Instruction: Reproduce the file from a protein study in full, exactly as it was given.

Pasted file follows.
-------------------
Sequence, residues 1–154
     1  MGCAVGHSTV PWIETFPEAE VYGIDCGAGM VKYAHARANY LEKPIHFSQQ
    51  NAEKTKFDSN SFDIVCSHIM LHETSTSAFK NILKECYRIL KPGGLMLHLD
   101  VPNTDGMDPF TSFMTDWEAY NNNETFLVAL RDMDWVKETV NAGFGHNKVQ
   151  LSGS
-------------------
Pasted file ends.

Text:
Sequence, residues 1–154
     1  MGCAVGHSTV PWIETFPEAE VYGIDCGAGM VKYAHARANY LEKPIHFSQQ
    51  NAEKTKFDSN SFDIVCSHIM LHETSTSAFK NILKECYRIL KPGGLMLHLD
   101  VPNTDGMDPF TSFMTDWEAY NNNETFLVAL RDMDWVKETV NAGFGHNKVQ
   151  LSGS